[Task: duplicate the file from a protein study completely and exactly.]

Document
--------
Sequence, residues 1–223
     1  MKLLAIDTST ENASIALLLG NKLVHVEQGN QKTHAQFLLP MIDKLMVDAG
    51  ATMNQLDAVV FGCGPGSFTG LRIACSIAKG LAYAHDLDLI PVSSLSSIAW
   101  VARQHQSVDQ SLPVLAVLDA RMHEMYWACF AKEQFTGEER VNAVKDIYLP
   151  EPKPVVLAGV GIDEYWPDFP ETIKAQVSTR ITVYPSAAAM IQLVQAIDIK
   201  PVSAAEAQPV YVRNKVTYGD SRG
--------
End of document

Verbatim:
Sequence, residues 1–223
     1  MKLLAIDTST ENASIALLLG NKLVHVEQGN QKTHAQFLLP MIDKLMVDAG
    51  ATMNQLDAVV FGCGPGSFTG LRIACSIAKG LAYAHDLDLI PVSSLSSIAW
   101  VARQHQSVDQ SLPVLAVLDA RMHEMYWACF AKEQFTGEER VNAVKDIYLP
   151  EPKPVVLAGV GIDEYWPDFP ETIKAQVSTR ITVYPSAAAM IQLVQAIDIK
   201  PVSAAEAQPV YVRNKVTYGD SRG